I won’t comment much on the England selection, which saw the outlandish predictions of a few weeks ago row back into yesterday’s limited changes. Congratulations to Jake Ball for his rapid rise, no doubt helped by being on TV a couple of weeks ago, and also to James Vince who will make his debut, I would imagine, as a straight replacement for the sadly retired James Taylor. Now Vince has undoubtedly benefited from being a client of a prominent management group and a vocal ex-England player, and his initial international performances can be filed under “encouraging” rather than “devastating”, so he has a lot to prove. I hope the hype is matched by performance. The selection of Compton also was interesting. I would have had no problem if he’d been dropped. Provided this dropping was based on his performance on the field and the notion that there is someone more suited for his number 3 slot. Instead what I’ve been reading and hearing is a whispering campaign about being “fidgety” “overwrought” “nervous” “too intense” “bad body language”. Barely a piece goes by that does not allude to Compton’s mental state. In one sense the media individuals spouting this amateur psycho-babble claptrap must be pleased he’s been picked because they can go on about it again. I’ve never seen a player briefed about in this way since, perhaps, Mark Ramprakash. Good luck Nick, I hope you prove the doubters wrong.
Some House News. Both TLG and myself will be off premises for a few weeks at end of May, beginning of June. For me that doesn’t mean I won’t be able to post, but it might not be that regular (depends on how the holiday is going). That said, I won’t be able to watch any of the second or third tests. I can set up posts, and perhaps read some from others, but commenting on the action will be difficult. We’d love one or two of you to write up reports on the day’s play if you have the time (I know you’ll do lots of it in the comments) and if you wish to volunteer, please let me or Chris know. Otherwise, I’ll make do and mend.
Finally, I was journeying home from another leaving do last night when I came across the frankly astounding interaction between Tregaskis and Paul Newman. I want, believe it or not, to be fair to the Mail journo, but good grief he makes it hard for you. There is no doubting that getting an interview with Andy Flower was a “scoop”. Well done. To then allow that interview to appear to be a job application form, and a puff piece with little delving into things he clearly doesn’t want to talk about (like the Difficult Winter), Newman, in my view, let us down again. There’s clearly a desire to hear Flower’s side of the story from the horse’s mouth (and not unattributable “Sportsmail understands” nonsense), but instead there’s a dance around it. The result was an interview so lacking in substance that it’s little surprise that there has not been a lot of re-reporting of it that I’ve seen. Then to get prissy with Tregaskis, who clearly has got under his skin before if that was anything to go by, and start doing that “let me explain journalism to you” claptrap that I have had in spades from others, seemed out of character. Newman blocked me 2 years ago. I can still read his stuff. I don’t think I’ve ever directly tweeted him so blocking me is absolutely spurious, but he blocked Tregaskis who is rather confused by it all.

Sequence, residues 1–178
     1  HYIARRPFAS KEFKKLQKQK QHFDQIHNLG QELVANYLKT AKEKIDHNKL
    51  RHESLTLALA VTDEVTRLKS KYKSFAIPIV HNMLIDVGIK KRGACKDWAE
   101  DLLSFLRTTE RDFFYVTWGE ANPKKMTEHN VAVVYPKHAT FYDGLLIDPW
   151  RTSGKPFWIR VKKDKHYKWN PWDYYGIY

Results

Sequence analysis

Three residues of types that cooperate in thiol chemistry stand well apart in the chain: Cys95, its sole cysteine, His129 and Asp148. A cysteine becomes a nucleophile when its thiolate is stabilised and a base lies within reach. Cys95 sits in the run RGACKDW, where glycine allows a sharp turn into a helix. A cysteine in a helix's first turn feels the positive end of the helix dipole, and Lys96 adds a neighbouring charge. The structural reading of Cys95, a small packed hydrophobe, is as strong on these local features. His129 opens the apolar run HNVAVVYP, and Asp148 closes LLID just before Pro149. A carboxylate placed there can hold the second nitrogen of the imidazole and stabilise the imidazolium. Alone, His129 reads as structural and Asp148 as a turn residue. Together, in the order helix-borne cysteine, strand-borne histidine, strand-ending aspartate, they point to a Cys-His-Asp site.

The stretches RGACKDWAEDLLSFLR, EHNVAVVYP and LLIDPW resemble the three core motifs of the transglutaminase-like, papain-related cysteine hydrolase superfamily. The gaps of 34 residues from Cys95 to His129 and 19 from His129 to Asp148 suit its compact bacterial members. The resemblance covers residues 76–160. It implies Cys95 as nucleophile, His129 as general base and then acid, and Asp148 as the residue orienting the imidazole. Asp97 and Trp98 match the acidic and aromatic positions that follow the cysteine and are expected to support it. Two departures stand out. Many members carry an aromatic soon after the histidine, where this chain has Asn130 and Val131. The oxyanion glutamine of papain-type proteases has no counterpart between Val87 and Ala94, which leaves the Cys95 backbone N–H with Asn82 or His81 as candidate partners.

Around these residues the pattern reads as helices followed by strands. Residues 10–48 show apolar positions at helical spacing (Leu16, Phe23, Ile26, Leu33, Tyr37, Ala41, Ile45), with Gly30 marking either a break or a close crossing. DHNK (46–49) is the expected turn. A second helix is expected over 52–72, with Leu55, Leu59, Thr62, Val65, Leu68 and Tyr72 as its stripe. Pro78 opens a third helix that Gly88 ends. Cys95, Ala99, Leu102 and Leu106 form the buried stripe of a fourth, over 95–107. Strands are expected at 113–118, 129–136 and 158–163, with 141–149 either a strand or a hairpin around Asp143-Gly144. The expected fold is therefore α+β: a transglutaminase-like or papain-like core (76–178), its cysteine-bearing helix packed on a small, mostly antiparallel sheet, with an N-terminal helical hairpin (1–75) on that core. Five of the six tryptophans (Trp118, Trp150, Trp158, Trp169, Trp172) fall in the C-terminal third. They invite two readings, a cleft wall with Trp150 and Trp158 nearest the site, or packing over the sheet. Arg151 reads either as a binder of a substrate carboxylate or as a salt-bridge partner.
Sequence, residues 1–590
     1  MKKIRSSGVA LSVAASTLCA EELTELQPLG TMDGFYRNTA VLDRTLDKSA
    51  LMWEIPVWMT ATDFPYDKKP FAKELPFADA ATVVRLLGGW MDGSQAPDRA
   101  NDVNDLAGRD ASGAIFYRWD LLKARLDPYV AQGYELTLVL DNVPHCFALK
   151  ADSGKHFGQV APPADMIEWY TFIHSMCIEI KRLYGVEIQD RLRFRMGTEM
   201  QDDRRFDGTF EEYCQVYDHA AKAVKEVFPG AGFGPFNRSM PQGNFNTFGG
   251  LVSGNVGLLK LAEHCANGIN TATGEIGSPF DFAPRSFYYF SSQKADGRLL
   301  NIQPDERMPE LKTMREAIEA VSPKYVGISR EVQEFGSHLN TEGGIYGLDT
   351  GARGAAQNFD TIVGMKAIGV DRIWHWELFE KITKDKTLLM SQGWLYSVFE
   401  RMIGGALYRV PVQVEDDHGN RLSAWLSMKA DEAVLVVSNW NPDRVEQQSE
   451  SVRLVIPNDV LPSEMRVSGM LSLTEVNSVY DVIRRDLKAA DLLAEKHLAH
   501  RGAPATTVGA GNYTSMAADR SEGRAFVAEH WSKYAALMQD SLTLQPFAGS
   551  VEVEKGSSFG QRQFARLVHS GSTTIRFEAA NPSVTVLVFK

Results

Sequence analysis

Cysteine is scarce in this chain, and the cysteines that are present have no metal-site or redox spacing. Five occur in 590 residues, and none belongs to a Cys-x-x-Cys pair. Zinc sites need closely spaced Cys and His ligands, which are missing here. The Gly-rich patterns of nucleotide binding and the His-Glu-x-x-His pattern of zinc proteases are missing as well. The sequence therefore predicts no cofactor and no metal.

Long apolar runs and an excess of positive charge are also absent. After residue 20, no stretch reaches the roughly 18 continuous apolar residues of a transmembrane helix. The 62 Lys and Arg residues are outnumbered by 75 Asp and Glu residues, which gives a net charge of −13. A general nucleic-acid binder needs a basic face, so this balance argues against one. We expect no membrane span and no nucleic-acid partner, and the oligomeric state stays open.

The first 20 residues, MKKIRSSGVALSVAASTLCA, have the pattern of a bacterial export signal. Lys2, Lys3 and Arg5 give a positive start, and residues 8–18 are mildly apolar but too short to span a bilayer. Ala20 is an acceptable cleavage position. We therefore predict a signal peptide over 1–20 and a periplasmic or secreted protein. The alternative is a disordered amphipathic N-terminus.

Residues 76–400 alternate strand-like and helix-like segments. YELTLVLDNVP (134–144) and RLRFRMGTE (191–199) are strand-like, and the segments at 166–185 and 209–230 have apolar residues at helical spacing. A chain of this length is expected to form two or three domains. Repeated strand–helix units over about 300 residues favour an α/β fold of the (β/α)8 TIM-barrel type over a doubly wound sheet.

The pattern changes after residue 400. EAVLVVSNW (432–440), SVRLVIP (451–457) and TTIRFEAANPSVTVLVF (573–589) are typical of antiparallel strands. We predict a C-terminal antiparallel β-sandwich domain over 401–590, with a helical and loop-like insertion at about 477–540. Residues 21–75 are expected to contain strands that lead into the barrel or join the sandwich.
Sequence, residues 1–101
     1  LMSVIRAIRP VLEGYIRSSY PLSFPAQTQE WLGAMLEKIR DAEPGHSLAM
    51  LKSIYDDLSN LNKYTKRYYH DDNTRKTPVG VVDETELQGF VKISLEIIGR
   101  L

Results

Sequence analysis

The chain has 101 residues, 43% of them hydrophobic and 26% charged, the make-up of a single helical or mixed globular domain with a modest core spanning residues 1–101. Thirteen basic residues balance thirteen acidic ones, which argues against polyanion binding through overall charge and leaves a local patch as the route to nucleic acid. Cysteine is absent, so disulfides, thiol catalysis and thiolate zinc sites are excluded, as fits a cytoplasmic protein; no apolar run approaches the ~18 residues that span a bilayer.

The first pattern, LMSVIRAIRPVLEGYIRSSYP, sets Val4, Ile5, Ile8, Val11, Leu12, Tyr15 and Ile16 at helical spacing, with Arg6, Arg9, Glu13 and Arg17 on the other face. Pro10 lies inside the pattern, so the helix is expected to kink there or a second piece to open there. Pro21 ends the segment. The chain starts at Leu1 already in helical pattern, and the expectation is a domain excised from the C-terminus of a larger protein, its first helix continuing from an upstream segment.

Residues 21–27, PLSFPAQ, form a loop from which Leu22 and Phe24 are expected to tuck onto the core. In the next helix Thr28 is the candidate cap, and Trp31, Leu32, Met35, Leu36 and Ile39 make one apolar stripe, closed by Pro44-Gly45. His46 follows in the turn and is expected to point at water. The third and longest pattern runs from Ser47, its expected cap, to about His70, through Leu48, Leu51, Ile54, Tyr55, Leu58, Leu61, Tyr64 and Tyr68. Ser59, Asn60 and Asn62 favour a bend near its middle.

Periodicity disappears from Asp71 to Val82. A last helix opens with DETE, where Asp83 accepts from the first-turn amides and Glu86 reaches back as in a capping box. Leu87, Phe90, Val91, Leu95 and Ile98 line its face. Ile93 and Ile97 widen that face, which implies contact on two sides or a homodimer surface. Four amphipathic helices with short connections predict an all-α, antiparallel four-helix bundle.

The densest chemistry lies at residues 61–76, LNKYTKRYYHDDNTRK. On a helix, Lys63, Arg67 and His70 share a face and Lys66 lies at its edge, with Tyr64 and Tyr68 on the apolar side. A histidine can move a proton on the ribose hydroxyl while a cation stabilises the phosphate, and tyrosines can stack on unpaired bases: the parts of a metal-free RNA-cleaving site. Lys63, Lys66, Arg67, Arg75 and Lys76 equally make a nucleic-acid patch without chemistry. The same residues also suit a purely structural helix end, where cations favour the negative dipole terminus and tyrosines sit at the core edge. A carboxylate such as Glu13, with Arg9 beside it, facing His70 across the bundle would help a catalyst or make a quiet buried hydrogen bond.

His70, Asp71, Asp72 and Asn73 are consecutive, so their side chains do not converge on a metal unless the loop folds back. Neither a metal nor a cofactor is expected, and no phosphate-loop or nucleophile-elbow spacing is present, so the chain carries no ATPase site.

A message to you good folk of the dead tree press. Speaking for myself. I don’t want to be a journalist. I have never wanted to be a journalist. I just like to write on things that I care about, and cricket is my niche at the moment. I don’t want to know the horrors of your job, or understand access and such like. I’m sure you work very hard doing something you love. But your responsibilities are now to hits and churn and not to getting to the bottom of the story. Flower may have said no questions on KP, but you then go out of your way to praise his dignity rather belies any sort of meaningful approach. We are now all aware that if we are ever going to get the definitive counter-view on that Difficult Winter, it’s going to be through Alastair Cook or Andy Flower’s autobiographies. We’ve long since given up on the dead tree press getting it. So while I received a comment last night, one of a few in the past year, to let these things lie because I can’t change them, it still means a lot to me that these issues, in their own way, aren’t out of the visibility. In our own small way, Flower’s reticence still resonates. Because we, and others, won’t let it go. That’s the issue, not a KP comeback.
That should get you through the next day or so. Chris has promised at least one piece, so we look forward to that.
And from this month’s Cricketer it is a battle of good versus evil!!!!